Sorry I'm not thinking too clearly. Can I get a translation?

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Thanks for your help a ton guys.

I haven't noticed too much of a difference, except it feels a bit stronger than the generic. I'll update in a few more days I'm only on day 2.

Well I'm doing pretty bad, I feel like I'm in withdrawals now. I'm going to have to go back to the generic as weird as it is. I was doing better on it. I hope my depression isn't getting worse, or effexor hasn't pooped out completely. I just know since i started this brand name i've felt worse.

This ever happen to anyone else here?

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Thanks for your help a ton guys.

I haven't noticed too much of a difference, except it feels a bit stronger than the generic. I'll update in a few more days I'm only on day 2.

Well I'm doing pretty bad, I feel like I'm in withdrawals now. I'm going to have to go back to the generic as weird as it is. I was doing better on it. I hope my depression isn't getting worse, or effexor hasn't pooped out completely. I just know since i started this brand name i've felt worse.

This ever happen to anyone else here?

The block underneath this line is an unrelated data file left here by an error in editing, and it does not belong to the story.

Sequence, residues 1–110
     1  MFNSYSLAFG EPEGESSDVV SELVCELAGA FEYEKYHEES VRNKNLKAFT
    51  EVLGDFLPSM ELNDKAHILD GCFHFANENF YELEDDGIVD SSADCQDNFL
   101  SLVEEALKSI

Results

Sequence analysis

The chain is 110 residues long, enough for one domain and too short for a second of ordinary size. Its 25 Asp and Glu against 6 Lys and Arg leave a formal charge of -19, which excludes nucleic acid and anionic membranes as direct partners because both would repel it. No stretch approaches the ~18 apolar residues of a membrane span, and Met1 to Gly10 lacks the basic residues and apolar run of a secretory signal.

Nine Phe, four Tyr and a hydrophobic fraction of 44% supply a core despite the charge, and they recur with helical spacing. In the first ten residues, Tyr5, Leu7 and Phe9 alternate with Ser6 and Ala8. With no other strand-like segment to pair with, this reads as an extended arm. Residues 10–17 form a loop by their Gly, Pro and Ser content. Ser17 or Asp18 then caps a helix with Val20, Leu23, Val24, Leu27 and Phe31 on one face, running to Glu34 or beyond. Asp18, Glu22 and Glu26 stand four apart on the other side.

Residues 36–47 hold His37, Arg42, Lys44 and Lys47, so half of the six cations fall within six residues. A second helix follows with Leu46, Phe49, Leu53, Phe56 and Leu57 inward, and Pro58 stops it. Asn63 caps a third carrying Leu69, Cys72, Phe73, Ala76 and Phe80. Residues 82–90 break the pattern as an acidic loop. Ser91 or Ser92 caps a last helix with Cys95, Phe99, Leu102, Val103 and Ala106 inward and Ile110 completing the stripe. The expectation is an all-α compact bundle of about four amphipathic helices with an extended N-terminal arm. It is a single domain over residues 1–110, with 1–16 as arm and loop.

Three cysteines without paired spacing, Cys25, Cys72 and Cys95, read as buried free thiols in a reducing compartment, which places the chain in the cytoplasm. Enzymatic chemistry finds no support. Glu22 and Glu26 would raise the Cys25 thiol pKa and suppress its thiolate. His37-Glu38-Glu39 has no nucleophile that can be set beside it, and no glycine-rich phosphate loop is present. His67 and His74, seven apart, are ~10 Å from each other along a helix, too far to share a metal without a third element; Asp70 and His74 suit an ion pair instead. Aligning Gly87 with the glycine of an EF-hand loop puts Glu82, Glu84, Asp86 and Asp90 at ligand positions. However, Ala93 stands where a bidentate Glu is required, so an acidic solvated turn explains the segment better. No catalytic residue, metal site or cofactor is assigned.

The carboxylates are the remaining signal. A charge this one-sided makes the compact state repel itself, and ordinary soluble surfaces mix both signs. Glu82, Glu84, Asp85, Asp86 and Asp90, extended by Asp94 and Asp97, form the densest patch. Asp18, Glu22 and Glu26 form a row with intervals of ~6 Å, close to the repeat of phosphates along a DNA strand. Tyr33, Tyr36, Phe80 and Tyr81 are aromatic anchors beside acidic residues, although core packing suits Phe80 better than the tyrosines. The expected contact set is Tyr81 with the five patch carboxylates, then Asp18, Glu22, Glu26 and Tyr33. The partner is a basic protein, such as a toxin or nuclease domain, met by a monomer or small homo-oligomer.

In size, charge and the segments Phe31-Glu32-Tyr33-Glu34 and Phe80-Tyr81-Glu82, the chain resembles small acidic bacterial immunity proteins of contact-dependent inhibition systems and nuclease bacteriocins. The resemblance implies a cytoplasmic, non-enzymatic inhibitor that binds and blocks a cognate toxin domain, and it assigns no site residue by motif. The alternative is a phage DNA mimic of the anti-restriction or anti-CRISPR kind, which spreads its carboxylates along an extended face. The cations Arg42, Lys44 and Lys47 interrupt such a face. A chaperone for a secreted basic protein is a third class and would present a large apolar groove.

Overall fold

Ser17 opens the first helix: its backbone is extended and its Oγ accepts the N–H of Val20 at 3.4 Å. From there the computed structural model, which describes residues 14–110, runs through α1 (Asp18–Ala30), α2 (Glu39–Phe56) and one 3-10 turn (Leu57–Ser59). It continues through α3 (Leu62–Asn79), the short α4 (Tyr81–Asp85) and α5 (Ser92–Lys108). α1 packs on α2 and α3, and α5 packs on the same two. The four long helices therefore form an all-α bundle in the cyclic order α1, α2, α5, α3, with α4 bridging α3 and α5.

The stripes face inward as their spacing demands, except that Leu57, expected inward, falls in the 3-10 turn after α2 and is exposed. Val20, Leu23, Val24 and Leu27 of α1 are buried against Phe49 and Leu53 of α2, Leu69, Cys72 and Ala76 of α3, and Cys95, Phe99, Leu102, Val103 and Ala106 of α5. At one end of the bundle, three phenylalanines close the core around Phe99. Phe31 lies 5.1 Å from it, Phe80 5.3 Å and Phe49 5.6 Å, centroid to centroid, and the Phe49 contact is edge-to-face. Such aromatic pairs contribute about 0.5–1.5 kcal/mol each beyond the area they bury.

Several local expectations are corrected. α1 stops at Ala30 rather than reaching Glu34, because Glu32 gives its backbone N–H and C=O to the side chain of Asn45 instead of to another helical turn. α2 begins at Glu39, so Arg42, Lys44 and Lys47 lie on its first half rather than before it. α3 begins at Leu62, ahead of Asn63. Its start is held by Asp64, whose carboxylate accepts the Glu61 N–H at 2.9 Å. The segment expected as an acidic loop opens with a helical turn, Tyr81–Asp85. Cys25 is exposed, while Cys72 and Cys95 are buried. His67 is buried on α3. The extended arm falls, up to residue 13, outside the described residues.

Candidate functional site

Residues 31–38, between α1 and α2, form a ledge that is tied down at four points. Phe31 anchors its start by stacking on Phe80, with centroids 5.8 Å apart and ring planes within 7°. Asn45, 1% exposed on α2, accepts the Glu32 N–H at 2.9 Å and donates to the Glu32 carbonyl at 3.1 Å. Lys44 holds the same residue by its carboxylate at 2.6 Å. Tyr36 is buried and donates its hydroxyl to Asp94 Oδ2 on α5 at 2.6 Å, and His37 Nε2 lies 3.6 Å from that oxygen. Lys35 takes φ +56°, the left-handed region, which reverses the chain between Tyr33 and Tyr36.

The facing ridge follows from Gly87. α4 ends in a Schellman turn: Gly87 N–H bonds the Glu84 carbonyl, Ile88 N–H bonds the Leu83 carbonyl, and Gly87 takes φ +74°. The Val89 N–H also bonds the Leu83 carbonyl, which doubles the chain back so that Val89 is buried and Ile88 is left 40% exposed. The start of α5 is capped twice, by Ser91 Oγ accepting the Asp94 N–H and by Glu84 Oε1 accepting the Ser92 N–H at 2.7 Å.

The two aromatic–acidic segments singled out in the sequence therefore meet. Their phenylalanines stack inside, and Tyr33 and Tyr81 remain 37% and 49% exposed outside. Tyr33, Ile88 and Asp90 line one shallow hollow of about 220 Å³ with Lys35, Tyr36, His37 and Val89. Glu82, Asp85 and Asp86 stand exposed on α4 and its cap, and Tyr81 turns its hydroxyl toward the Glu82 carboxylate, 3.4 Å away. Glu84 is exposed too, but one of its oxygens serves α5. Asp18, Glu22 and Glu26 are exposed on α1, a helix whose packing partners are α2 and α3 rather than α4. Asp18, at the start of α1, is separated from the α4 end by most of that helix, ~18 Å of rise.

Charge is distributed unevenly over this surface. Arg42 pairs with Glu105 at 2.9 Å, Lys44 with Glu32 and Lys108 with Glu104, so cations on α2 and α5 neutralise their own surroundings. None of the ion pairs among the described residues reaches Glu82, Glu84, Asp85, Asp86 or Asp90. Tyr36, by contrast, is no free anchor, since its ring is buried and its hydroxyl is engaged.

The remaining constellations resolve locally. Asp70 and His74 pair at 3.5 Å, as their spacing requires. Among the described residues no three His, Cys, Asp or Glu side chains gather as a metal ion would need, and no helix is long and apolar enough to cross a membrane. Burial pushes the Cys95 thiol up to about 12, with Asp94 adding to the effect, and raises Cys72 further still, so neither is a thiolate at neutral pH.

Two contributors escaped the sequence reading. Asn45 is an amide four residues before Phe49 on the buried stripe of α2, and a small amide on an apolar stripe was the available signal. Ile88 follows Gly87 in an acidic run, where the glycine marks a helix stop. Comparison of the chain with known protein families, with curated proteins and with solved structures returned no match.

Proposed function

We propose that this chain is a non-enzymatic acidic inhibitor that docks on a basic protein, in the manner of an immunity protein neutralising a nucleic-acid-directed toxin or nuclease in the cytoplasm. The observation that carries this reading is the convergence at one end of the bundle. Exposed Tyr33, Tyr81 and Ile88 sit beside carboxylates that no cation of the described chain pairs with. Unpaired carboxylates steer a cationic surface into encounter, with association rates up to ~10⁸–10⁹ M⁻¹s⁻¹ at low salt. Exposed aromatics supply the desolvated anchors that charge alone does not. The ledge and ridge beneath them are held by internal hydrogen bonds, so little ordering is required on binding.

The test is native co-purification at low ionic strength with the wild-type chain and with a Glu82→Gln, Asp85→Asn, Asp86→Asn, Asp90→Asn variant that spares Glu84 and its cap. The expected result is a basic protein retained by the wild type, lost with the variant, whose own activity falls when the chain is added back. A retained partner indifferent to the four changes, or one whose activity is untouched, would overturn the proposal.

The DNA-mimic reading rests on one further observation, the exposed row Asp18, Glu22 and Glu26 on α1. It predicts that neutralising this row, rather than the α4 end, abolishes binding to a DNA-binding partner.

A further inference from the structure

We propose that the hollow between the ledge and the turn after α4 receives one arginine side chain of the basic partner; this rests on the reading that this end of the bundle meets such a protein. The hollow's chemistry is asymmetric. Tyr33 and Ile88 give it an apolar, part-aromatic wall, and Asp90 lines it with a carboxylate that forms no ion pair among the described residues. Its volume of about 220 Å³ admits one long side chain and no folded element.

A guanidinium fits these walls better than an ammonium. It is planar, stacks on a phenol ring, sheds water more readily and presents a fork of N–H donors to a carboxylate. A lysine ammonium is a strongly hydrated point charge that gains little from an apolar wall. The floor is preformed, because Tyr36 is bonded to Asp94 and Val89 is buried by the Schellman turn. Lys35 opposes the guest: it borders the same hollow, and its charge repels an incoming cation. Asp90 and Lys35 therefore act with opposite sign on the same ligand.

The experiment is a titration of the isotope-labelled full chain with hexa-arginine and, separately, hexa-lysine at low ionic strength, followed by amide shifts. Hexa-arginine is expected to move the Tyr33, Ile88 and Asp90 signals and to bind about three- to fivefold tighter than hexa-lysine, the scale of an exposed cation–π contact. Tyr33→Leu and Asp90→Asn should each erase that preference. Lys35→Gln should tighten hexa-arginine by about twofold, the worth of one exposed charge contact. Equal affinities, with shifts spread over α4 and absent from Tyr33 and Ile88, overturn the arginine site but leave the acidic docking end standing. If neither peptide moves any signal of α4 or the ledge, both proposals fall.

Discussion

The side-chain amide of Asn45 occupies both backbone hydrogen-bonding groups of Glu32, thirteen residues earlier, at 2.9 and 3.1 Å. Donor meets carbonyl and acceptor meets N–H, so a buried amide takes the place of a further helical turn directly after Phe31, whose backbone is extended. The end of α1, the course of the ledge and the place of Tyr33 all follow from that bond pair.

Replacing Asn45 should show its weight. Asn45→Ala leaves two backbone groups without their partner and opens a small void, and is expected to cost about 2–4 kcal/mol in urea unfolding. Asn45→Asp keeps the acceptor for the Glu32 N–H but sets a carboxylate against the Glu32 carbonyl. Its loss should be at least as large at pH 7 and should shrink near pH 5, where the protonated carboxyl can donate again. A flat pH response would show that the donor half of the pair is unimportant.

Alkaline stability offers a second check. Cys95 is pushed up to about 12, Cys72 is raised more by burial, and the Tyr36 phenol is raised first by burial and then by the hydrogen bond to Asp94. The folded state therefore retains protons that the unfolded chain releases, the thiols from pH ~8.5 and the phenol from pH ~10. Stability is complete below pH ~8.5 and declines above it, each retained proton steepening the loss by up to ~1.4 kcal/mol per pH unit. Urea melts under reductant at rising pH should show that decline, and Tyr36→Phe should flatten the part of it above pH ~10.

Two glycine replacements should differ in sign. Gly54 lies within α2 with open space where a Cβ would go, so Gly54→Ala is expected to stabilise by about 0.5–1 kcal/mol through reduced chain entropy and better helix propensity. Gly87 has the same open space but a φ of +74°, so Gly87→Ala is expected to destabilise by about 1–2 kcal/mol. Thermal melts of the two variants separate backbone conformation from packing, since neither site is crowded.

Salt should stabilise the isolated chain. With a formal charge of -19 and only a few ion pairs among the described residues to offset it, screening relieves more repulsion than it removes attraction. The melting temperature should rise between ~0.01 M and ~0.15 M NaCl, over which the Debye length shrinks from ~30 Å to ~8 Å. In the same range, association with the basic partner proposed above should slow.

Hqve you talked to your pdoc about tweaking your dosage a bit? If you're feeling like you're in withdrawals, it might make sense to increase a little, and see if that helps?

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Most generics have such close bio equivalency to the brand that it's very close or even better than a comparison of the BE between two tablets of the brand. It mostly matters with drugs like lithium that have such finicky dosing and such a narrow therapeutic window.

Source: CVS.com (lol I know)

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Thanks for your help a ton guys.

I haven't noticed too much of a difference, except it feels a bit stronger than the generic. I'll update in a few more days I'm only on day 2.

Well I'm doing pretty bad, I feel like I'm in withdrawals now. I'm going to have to go back to the generic as weird as it is. I was doing better on it. I hope my depression isn't getting worse, or effexor hasn't pooped out completely. I just know since i started this brand name i've felt worse.

This ever happen to anyone else here?

Hqve you talked to your pdoc about tweaking your dosage a bit? If you're feeling like you're in withdrawals, it might make sense to increase a little, and see if that helps?

I talk to my pdoc this week and she said she thinks there can be issues coming off the generic since the body gets used to whatever. In any case I'm going to stick with the brand for another week or so to see if I improve, if not I'm going to go back to what I know was working. I hate having to do all this.